Shani M. King
University Term Professor
Professor of Law
Director, Center on Children and Families
Shani M. King is a Professor of Law and Director of the law school’s Center on Children and Families. Prior to joining the UF Law faculty, Professor King practiced at Legal Services for Children, Inc. in San Francisco, California, where he litigated cases under the United Nations Convention Against Torture and represented children in immigration, dependency, guardianship, and school discipline proceedings. Professor King is an active writer and scholar in the area of children’s rights and family law, with a particular interest in the role of child’s counsel in various contexts, and more generally in the rights of children and families – especially those from traditionally under served populations – and the public responsibility to protect those rights.
Professor King’s wide ranging scholarship has been recognized and cited by leading scholars in the field, has been cited and relied upon by federal courts, and is also frequently relied upon by not-for-profit organizations and practitioners in the field.
Professor King received a B.A. from Brown University, a J.D. from Harvard Law School, and an Mst. in International Human Rights Law from Oxford University. Following law school, he was a Harvard Fellow with EDUCA, a not-for-profit organization in the Dominican Republic that was conducting an analysis of a major educational reform effort. Afterward, Professor King practiced securities litigation and white-collar criminal defense at Fried, Frank, Harris, Shriver & Jacobson and Morvillo, Abramowitz, Grand, Iason & Silberberg in New York City.
Professor King has been active in local, regional and national child welfare and juvenile reform, serving on the board of the Youth Law Center, the Florida Chapter of the National Association for the Advancement of Children, and on the advisory board of Florida Children’s First. He is currently on the advisory board of the Florida Health Justice Project, an organization focused on removing barriers to affordable health care in Florida, and was recently appointed by the Governor to serve on a statewide committee charged with improving parent and child representation in Florida’s dependency system.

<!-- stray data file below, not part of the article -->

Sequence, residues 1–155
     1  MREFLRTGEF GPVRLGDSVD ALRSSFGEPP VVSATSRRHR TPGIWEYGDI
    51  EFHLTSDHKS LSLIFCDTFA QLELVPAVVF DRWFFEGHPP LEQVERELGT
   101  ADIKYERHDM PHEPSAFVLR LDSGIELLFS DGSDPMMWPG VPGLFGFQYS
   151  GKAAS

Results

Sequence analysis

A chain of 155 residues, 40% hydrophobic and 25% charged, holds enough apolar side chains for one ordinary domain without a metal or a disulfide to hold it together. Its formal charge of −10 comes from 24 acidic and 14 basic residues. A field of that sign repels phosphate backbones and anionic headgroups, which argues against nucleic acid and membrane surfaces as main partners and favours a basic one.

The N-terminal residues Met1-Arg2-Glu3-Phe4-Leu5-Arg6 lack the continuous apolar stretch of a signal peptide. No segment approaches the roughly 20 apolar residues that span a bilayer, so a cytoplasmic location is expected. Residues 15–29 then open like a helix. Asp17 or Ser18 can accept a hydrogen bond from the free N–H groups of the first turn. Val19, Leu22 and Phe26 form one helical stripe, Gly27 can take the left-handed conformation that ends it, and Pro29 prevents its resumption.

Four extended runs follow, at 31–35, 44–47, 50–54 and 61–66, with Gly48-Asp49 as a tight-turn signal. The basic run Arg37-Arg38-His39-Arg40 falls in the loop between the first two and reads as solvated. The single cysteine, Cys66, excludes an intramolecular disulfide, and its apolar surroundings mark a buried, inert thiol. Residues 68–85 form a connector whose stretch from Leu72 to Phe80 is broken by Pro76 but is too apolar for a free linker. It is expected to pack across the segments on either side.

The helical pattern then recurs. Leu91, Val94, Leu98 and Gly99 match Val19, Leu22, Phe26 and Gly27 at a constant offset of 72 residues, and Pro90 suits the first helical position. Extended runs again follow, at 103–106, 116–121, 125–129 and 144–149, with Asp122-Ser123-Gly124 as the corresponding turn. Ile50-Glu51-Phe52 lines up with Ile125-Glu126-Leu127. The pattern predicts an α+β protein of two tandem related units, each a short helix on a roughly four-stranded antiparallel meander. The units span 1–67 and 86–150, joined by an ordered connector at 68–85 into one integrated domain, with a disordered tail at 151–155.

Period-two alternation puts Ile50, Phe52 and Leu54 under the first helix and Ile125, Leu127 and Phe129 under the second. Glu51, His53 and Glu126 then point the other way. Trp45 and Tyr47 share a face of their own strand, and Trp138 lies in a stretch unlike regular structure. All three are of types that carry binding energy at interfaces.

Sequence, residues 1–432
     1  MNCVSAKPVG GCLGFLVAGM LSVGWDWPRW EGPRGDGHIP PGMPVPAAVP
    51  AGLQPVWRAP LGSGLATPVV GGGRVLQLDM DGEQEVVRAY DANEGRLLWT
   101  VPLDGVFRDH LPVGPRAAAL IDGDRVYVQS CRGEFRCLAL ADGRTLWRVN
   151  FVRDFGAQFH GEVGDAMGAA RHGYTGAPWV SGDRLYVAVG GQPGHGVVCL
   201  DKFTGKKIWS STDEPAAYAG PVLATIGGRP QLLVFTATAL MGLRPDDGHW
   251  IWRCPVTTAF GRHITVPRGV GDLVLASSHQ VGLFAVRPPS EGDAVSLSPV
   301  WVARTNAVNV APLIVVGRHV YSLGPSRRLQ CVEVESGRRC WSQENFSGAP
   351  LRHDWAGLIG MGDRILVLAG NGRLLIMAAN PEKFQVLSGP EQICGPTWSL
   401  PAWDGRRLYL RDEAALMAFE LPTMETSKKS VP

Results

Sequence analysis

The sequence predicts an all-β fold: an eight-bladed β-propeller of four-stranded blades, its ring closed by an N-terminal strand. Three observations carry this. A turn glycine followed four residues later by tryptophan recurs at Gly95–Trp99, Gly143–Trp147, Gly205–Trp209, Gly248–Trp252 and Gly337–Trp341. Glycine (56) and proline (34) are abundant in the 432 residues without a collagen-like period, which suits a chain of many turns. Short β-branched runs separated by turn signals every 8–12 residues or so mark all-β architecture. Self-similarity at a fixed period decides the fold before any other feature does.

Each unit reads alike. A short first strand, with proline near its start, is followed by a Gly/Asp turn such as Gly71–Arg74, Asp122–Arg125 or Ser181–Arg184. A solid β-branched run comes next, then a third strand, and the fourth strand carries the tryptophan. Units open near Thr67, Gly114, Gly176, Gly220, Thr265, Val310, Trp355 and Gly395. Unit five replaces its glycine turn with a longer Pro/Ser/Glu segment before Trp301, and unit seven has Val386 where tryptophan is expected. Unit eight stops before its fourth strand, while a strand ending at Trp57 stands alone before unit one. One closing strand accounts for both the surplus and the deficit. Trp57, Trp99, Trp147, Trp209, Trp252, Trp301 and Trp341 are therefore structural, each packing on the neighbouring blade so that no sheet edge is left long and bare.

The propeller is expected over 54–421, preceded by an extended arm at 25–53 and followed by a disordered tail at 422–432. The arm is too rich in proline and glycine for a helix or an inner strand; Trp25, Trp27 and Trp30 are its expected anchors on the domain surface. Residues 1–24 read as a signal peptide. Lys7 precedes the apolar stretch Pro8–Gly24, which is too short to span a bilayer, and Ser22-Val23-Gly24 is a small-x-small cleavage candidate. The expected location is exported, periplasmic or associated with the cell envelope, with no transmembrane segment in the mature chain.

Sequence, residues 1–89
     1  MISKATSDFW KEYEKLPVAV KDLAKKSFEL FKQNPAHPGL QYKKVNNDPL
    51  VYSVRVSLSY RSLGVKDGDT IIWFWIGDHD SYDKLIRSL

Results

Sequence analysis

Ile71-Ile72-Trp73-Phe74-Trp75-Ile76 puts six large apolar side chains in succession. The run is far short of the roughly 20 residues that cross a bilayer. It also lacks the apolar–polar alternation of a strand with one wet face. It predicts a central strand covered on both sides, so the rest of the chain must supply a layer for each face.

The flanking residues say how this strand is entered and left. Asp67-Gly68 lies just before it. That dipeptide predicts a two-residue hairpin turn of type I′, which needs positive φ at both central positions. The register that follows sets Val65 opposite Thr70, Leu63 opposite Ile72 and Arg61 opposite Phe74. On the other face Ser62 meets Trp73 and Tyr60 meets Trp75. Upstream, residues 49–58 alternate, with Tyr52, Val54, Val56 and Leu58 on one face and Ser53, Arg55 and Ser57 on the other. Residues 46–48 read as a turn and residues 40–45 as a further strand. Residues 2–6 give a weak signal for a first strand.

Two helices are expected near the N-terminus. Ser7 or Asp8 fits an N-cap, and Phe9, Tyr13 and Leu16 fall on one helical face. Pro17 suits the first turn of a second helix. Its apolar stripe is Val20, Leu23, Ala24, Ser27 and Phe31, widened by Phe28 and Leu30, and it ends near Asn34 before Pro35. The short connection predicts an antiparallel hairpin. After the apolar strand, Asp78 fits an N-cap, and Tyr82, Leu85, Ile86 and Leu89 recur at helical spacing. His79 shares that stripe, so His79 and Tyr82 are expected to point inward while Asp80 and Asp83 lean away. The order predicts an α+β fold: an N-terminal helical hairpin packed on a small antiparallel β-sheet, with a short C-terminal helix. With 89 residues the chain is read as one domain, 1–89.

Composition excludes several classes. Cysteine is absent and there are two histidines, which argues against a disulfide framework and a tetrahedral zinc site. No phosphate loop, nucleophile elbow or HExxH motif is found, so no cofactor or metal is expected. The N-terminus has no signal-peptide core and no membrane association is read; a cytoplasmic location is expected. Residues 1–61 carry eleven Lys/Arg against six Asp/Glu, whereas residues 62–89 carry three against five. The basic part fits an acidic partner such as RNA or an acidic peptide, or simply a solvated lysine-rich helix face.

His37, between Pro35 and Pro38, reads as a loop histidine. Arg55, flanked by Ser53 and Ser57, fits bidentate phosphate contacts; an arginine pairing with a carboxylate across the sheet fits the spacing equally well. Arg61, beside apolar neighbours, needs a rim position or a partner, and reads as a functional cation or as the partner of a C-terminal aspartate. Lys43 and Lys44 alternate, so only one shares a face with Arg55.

M. St., University of Oxford
J.D., Harvard Law School
B.A., Brown University
Teaching and Scholarship
International human rights, children’s rights and family law; the role of children’s counsel in various contexts; family autonomy in traditionally underserved populations; immigration law and legal ethics.
- University of Florida: Joined College of Law in 2007 as Assistant Professor; Promoted to Associate Professor in 2010; Tenured and promoted to Professor of Law in 2013.
- Prior Academic Experience: University of California Boalt Hall School of Law, Guest Lecturer, School Discipline Clinic, (March 2006), University of San Francisco School of Law, Guest Lecturer, Child Advocacy Clinic (April 2006).
- Prior Professional Experience: Legal Services for Children, Inc. (San Francisco, Calif.) (2004-2007); Morvillo, Abramowitz, Grand, Iason & Silberberg (New York, N.Y.) (2003-2004), Fried, Frank, Harris, Shriver & Jacobson (New York, NY (2000-2003)
California, New York, U.S. District Courts for the Southern and Eastern Districts of New York.
- Covers child abuse and neglect, juvenile justice, adoption and foster care, and discusses education and health entitlements of children and conflicts between parents and children over medical decision-making, religion, schooling and emancipation.
- This course is about international children’s rights. The course explores the concept of childhood itself, what human rights violations children face today and the role that gender plays in determining the life chances of children. This course also considers child migration, more specifically, child trafficking, child labor, child sex trafficking and also considers children in armed conflict. In addition this course considers the movement of children for family reasons, and more specifically, transnational adoption, children who have lost their parents due to AIDS, child refugees and asylum seekers.